The burden of proof in an action to quiet title is on the plaintiff. Cox's, Inc. v. Snodgrass, 372 Pa. 148, 152, 92 A.2d 540, 541-542 (1952); Grace Building Co., Inc. v. Parchinski, 78 Pa. Commw. 187, 191, 467 A.2d 94, 96 (1983). In such an action, the plaintiff can recover only on the strength of his or her own title and not upon the weakness of the defendant's title. Albert v. Lehigh Coal & Navigation Page 406} Co., 431 Pa. 600, 607, 246 A.2d 840, 843 (1968); Carratelli v. Castrodale, 185 Pa. Super. 426, 429, 137 A.2d 805, 806 (1958). Where, as here, the trial court has determined that the plaintiffs failed to meet their burden of proving title, that determination will not be reversed in the absence of an error of law or a capricious disregard of evidence. See: Piccinini v. Teachers Protective Mutual Life Insurance Co., 316 Pa. Super. 519, 524, 463 A.2d 1017, 1021 (1983); Eddystone Fire Co. No. 1 v. Continental Insurance Co., 284 Pa. Super. 260, 263, 425 A.2d 803, 804 (1981).

The requisites for the creation of a valid parol gift of land notwithstanding the Statute of Frauds*fn1 are "(1) that the evidence of the gift be direct, positive, express and unambiguous; (2) that possession be taken in pursuance of the alleged gift at the time of or immediately after it is made, and that such possession be exclusive, open, notorious, adverse and continuous; (3) that the donee make valuable improvements on the property for which compensation in damages would be inadequate." Rarry v. Shimek, 360 Pa. 315, 317-318, 62 A.2d 46, 47-48 (1948) (footnotes omitted). See also: Yarnall's Estate, 376 Pa. 582, 590, 103 A.2d 753, 758 (1954); Annot., 83 A.L.R.3d 1294 (1978). As a general rule, these elements, together with the existence of a donative intent on the part of the donor, must be established by evidence which is clear and convincing. See generally: Annot., 83 A.L.R.3d at 1298-1301. Clearer and weightier evidence, the courts have said, is necessary to prove a parol gift between parent and child then is required between persons who are not blood relatives. Yarnall's Estate, supra 376 Pa. at 590, 103 A.2d at 758; Rarry v. Shimek, supra 360 Pa. at 318, 62 A.2d at 48; Ackerman v. Fisher, 57 Pa. 457, 459 (1868). To prove a parol gift between parent and child, "the witnesses depended upon for that purpose must have heard the bargain when made and their testimony must bring the parties face to face; the transaction may not be inferred merely from the declarations of one of the parties." Rarry v. Shimek, supra 360 Pa. at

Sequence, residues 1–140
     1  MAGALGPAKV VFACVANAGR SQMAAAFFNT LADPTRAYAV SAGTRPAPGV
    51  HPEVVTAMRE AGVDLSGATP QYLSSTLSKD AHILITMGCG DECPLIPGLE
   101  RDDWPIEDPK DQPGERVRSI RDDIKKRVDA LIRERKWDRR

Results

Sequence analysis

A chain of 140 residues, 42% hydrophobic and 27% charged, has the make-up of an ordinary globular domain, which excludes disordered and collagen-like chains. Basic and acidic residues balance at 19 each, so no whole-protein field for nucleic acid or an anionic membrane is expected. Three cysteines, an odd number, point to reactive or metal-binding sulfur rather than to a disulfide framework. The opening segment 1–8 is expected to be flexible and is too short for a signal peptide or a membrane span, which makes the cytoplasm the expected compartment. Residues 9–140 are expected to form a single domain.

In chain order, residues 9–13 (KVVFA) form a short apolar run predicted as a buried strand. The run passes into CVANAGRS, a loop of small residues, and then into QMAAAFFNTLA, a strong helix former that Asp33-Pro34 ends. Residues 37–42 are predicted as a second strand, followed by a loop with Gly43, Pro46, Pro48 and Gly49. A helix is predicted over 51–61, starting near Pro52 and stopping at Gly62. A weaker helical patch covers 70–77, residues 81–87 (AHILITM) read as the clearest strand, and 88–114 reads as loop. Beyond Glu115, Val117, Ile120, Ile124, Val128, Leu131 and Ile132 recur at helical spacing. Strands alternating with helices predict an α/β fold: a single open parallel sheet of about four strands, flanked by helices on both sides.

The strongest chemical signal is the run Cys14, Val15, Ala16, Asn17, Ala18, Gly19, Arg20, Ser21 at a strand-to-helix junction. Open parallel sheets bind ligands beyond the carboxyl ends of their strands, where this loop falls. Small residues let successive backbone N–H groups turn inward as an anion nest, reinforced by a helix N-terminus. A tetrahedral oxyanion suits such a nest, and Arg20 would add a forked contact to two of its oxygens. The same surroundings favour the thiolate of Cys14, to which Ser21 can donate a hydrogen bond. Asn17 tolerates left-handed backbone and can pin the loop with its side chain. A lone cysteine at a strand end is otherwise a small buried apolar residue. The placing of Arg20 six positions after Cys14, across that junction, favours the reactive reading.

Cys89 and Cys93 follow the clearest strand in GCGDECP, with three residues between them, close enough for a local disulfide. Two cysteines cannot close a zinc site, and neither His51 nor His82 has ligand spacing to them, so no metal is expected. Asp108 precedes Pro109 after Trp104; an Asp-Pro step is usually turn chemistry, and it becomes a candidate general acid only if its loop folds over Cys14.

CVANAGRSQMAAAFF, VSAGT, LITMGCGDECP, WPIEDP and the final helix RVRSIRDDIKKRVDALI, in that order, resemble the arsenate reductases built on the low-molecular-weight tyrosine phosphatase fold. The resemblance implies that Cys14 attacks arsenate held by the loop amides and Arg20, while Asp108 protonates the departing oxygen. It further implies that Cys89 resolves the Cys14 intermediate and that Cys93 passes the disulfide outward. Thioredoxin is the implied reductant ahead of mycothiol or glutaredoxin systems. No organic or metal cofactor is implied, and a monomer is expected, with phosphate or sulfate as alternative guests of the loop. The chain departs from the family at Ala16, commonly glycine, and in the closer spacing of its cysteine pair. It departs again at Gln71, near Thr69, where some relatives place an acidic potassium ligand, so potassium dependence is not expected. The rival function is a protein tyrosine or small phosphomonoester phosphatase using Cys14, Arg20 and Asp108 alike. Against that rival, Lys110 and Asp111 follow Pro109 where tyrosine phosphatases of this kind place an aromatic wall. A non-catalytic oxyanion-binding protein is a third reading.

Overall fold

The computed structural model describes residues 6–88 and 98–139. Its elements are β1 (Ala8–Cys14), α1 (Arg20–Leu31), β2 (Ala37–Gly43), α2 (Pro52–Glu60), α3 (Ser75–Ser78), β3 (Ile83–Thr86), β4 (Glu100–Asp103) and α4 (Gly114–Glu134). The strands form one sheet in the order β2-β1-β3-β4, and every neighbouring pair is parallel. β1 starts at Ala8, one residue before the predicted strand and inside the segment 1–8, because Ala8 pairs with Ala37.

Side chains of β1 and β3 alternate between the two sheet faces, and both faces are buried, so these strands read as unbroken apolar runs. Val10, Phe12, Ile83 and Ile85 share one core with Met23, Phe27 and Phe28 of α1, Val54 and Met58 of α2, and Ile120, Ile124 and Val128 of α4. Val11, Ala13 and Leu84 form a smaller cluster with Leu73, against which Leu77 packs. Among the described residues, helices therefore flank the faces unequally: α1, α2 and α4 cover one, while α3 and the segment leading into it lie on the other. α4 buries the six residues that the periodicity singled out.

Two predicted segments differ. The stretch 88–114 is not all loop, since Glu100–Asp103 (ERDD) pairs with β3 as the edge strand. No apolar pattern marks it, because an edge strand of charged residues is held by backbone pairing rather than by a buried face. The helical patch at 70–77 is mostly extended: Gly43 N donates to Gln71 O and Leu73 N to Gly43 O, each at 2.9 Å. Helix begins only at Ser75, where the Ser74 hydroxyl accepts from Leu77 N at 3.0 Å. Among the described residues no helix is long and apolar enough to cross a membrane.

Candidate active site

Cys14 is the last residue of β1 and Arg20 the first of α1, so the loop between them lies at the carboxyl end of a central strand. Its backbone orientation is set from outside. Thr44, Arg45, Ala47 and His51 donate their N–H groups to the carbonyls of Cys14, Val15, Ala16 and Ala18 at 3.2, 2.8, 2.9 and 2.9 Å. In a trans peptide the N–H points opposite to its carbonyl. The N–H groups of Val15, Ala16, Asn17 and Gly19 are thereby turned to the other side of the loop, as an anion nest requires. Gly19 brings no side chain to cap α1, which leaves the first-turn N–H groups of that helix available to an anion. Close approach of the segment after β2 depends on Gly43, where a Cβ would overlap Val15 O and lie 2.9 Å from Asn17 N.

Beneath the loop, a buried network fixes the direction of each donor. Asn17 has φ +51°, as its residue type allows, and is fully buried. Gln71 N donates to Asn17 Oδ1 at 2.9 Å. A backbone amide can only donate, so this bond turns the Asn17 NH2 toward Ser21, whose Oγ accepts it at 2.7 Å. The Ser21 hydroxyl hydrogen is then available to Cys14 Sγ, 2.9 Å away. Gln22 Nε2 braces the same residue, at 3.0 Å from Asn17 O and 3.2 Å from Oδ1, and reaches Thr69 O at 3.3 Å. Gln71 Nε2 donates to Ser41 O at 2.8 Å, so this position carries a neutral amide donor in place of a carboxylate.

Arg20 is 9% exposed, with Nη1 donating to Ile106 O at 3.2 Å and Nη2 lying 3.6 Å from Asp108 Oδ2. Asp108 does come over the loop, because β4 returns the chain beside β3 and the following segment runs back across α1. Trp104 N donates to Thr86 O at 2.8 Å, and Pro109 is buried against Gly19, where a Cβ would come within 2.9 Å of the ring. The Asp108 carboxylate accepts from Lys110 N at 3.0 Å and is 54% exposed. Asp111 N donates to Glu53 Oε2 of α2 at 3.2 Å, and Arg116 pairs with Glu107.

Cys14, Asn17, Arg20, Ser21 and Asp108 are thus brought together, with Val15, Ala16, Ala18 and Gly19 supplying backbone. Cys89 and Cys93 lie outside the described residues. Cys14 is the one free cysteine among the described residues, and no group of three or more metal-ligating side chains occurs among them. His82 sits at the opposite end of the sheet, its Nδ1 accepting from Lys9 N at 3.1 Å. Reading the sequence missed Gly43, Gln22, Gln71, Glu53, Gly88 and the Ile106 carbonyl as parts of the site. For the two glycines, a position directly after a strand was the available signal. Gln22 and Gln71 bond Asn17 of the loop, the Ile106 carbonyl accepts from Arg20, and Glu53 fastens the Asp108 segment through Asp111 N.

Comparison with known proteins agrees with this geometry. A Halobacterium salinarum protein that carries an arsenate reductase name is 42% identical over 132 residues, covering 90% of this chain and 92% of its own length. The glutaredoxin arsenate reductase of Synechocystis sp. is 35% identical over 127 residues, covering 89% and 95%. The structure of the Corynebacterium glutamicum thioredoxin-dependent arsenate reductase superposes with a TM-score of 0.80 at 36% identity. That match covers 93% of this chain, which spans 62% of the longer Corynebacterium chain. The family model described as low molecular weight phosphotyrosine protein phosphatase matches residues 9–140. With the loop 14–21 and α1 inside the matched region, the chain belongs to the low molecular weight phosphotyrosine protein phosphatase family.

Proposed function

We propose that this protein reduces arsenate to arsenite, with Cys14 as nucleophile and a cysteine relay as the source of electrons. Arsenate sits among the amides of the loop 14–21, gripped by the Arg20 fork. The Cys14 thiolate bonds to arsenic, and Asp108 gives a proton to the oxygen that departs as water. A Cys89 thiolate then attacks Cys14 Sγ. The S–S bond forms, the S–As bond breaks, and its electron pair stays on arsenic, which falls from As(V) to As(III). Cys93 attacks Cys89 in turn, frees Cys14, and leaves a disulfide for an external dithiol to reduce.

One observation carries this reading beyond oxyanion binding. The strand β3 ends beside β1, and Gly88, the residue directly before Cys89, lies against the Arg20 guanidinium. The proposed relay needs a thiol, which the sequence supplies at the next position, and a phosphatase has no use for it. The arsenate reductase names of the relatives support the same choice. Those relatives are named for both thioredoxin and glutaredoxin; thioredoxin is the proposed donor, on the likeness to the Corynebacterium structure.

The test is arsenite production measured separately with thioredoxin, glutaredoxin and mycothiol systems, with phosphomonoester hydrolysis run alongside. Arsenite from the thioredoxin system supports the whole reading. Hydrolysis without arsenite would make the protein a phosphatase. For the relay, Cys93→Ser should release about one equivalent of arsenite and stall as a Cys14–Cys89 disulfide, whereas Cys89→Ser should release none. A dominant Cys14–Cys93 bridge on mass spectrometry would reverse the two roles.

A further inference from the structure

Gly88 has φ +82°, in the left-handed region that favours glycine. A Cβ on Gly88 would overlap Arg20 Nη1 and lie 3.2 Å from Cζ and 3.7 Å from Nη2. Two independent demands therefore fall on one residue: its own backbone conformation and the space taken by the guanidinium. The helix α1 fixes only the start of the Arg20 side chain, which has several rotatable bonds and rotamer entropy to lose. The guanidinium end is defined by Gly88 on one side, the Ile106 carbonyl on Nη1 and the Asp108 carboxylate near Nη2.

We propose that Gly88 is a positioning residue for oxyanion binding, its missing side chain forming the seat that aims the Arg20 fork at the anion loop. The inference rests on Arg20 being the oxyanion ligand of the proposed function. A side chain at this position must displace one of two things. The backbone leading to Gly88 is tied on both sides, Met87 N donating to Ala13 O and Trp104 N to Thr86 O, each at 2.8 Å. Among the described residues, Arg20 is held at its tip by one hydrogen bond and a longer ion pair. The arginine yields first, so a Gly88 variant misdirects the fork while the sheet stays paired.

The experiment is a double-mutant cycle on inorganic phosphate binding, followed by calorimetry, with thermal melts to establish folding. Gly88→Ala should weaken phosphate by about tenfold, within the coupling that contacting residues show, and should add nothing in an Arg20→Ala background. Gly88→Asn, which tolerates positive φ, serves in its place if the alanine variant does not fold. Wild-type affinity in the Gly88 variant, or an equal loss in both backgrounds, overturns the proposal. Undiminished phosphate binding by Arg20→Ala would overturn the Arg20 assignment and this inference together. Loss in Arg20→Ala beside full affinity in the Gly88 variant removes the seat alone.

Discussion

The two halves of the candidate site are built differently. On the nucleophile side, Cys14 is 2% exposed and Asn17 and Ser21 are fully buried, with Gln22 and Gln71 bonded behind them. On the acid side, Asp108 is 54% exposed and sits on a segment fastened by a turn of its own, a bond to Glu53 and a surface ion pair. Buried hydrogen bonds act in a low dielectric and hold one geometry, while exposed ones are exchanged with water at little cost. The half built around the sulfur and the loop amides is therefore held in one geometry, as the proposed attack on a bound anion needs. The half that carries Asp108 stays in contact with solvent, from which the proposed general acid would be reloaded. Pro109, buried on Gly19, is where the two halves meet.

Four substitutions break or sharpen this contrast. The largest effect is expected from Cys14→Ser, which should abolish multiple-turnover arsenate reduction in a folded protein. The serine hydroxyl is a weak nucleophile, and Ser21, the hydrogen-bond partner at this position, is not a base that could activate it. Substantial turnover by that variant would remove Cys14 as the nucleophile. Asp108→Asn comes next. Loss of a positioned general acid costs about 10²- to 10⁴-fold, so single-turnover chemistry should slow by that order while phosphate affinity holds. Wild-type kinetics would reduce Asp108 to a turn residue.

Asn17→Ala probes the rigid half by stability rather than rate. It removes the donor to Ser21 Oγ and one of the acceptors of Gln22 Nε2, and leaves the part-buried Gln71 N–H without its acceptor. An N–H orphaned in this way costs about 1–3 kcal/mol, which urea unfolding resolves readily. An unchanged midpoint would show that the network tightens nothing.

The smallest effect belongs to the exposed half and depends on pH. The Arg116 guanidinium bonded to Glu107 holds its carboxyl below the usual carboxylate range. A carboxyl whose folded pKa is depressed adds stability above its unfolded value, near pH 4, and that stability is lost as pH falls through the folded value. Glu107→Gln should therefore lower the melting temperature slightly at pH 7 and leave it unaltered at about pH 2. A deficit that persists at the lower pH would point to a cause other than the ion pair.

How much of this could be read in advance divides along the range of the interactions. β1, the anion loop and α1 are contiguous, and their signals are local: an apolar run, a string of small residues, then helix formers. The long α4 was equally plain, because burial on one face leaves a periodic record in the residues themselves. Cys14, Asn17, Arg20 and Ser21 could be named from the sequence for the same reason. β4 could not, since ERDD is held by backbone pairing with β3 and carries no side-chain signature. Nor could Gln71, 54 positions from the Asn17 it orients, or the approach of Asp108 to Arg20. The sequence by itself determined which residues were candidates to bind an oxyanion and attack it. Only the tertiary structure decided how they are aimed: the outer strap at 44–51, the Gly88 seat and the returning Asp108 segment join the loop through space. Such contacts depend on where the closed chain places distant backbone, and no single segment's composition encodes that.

[ 355 Pa. Super. Page 407318]

, 62 A.2d at 48; Ackerman v. Fisher, supra, 57 Pa. at 459. See also: Glass v. Tremellen, 294 Pa. 436, 144 A. 413 (1928); Sorber v. Masters, 264 Pa. 582, 107 A. 892 (1919).